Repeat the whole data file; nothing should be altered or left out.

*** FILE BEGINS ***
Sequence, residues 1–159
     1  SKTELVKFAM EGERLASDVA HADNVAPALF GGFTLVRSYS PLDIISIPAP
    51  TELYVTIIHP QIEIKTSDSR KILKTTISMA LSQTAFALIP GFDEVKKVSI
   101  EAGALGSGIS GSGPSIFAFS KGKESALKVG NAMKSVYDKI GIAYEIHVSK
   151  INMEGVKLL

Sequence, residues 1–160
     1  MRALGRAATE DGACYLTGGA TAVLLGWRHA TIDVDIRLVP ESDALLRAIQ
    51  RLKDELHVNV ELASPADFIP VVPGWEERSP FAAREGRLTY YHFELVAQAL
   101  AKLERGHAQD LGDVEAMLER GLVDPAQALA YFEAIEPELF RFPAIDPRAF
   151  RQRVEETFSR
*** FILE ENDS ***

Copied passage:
Sequence, residues 1–159
     1  SKTELVKFAM EGERLASDVA HADNVAPALF GGFTLVRSYS PLDIISIPAP
    51  TELYVTIIHP QIEIKTSDSR KILKTTISMA LSQTAFALIP GFDEVKKVSI
   101  EAGALGSGIS GSGPSIFAFS KGKESALKVG NAMKSVYDKI GIAYEIHVSK
   151  INMEGVKLL

Sequence, residues 1–160
     1  MRALGRAATE DGACYLTGGA TAVLLGWRHA TIDVDIRLVP ESDALLRAIQ
    51  RLKDELHVNV ELASPADFIP VVPGWEERSP FAAREGRLTY YHFELVAQAL
   101  AKLERGHAQD LGDVEAMLER GLVDPAQALA YFEAIEPELF RFPAIDPRAF
   151  RQRVEETFSR